Aunt Leona, my mother’s sister was a great cook, and we often went down to West Haven to visit.  The holiday meals were epic.  Christmas dinner always had antipasto; the thick, cheesy, rich lasagne that my Aunt Angie made; then the turkey or ham.  It was the side dishes that made it – corn fritters made from summer corn my aunt had frozen; sausage and mushrooms; zucchini fried and browned in olive oil and browned garlic; an Italian ham pie, custardy center with ham and cheese and perfectly done crust.  Then the desserts, “store bought” but from Lucibello’s in New Haven and better than I have ever had since.  Even in living in Little Italy after graduate school I never found as good sfogliatelle, boccanottes (pronounced sfuyadel and bugnuts), or canolis.  After dinner there would be nougat candies, each in their own little boxes, with an Italian peasant woman painted on the front, and layers of foil wrapping protecting the prize.

My growing food taste went underground for my three years at boarding school and four years of college.  There was nothing really objectionable about it, and a matter of fact thanks to various food endowments at Trumbull College at Yale, we often had fresh strawberries in the winter, French cheeses, and guinea hen of all things.  Those were the days when wealthy patrons and alumni didn’t consider the more meaningful investments common today – scholarships for the poor, renovated classrooms, or endowed chairs.  Yale was all wealthy students; the endowment was already in the hundreds of millions, and charity was most definitely not called for.  So, the strawberry endowment.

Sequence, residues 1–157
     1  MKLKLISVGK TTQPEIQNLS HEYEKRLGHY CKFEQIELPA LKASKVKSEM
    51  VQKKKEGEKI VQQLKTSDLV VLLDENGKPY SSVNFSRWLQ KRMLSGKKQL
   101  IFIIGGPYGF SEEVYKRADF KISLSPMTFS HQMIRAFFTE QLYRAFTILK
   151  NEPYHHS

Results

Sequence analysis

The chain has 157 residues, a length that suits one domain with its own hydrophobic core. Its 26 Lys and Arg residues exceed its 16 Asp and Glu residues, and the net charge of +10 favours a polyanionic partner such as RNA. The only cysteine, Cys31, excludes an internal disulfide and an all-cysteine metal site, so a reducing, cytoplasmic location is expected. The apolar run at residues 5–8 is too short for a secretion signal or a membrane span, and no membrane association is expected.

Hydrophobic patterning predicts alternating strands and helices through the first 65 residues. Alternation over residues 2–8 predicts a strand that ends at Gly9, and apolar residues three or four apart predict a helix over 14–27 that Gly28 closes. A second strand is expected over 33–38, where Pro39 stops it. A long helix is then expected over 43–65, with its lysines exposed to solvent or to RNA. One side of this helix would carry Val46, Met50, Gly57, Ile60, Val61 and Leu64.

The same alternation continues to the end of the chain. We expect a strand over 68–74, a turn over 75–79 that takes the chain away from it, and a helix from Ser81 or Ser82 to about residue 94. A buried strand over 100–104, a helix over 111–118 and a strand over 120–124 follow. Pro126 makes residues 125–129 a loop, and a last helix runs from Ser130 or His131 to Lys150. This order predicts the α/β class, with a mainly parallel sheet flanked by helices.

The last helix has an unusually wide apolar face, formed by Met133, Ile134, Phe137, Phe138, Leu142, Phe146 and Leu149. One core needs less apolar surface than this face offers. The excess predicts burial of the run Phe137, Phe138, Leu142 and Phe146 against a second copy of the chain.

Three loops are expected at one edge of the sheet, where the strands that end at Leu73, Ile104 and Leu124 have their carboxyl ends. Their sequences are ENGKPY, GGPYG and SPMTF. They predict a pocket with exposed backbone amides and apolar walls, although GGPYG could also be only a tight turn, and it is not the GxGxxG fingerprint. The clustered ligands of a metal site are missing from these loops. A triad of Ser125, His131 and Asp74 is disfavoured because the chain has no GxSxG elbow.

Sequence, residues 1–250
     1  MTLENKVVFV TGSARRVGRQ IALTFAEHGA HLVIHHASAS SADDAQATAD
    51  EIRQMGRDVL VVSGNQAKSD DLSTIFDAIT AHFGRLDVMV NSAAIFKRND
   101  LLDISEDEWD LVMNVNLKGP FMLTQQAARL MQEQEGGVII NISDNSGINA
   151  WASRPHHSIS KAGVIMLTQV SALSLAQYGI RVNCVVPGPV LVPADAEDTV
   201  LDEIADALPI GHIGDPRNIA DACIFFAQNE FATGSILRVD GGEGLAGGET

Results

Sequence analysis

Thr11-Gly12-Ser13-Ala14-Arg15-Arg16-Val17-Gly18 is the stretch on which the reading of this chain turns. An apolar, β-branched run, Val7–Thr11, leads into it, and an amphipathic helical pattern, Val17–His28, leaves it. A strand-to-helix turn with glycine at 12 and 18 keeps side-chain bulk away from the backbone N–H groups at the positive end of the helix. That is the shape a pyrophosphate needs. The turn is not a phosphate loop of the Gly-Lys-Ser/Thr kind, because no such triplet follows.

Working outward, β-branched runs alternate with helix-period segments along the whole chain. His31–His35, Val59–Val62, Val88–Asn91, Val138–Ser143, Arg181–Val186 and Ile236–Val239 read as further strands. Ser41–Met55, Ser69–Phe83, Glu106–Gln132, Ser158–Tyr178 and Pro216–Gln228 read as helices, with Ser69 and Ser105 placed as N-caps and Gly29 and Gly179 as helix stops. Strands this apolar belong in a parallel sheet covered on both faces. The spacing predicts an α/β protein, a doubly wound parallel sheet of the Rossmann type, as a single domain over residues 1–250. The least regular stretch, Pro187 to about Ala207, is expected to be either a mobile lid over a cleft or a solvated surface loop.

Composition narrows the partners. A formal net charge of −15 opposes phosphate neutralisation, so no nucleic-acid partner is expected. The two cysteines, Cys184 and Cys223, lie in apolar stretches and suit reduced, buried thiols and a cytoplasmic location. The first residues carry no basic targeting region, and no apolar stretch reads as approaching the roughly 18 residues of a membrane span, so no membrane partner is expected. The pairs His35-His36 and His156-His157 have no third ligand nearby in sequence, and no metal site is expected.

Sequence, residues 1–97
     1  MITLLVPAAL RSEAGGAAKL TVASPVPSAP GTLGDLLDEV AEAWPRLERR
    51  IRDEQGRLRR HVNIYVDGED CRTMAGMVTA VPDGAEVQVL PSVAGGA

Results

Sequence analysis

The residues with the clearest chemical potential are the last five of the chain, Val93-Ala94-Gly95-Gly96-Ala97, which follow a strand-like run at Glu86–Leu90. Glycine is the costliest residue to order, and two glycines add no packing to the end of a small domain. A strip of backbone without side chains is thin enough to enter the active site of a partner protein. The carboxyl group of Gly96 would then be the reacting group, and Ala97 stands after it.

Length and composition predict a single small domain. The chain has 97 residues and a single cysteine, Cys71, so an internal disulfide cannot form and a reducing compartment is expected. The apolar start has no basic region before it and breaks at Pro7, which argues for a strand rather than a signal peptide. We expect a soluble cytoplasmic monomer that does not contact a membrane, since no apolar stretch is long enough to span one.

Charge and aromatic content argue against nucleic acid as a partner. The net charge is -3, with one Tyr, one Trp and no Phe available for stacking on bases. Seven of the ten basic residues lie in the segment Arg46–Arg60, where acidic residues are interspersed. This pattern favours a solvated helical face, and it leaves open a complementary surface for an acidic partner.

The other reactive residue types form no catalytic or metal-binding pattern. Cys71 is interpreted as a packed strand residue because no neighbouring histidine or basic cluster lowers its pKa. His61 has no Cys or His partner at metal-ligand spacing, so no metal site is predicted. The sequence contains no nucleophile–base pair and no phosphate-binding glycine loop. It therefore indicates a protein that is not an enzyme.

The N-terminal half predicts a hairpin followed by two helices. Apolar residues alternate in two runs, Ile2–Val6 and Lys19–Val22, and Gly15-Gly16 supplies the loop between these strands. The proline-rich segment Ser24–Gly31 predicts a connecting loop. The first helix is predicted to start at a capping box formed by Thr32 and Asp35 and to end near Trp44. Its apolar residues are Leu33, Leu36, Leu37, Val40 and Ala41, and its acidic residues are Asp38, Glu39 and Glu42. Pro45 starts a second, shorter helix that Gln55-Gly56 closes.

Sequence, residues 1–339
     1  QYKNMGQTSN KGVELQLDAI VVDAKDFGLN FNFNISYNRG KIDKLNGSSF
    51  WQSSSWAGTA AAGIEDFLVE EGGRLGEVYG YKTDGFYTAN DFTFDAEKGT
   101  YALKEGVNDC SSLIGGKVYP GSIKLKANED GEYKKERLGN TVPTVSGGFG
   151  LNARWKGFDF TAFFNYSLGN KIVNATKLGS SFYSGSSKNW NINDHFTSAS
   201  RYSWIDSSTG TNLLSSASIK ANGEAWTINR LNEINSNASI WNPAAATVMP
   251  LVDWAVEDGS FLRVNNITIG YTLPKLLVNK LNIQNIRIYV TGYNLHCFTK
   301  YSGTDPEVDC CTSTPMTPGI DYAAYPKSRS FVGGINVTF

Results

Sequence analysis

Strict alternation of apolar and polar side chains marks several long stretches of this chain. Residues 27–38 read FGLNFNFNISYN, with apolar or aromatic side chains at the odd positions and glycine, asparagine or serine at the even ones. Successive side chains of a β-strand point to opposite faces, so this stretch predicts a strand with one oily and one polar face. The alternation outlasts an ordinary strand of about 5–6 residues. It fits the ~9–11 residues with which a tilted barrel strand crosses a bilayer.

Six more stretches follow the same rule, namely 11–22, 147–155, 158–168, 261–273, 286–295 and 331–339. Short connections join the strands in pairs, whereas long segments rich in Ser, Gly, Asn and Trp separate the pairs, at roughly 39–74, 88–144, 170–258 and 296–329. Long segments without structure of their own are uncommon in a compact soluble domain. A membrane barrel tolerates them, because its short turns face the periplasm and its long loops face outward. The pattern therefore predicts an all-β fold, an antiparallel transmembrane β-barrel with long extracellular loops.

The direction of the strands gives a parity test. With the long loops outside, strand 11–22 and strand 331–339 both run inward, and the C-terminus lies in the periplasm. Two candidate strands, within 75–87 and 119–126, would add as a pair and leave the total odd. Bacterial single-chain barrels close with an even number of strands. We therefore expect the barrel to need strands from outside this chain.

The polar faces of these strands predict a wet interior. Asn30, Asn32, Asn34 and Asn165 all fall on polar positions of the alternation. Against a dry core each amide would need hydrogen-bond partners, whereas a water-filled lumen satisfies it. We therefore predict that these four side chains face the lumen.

I started to cook for myself in graduate school, but nothing memorable.  I hated the school and the city - wrong choice - and spent as much time away from Pittsburgh as possible.  I somehow, inexplicably convinced my professors to let me write my Masters Thesis on the philosophy of architecture.  This was remarkable because they had no idea what the philosophy of architecture was; and because I was studying urban renewal, all civil engineering, infrastructure design, and land use planning.  So I had leave to travel the Northeast and visit the great modern architecture of the period – the glasswall skyscrapers of New York, the elegant Philip Johnson Glass House in Connecticut, Louis Kahn’s Yale Art Gallery and Paul Rudolph’s Art and Architecture building in New Haven, Corbusier’s Carpenter Center at Harvard (the only Corbu building in North America), and closer to Pittsburgh, Wright’s Falling Water.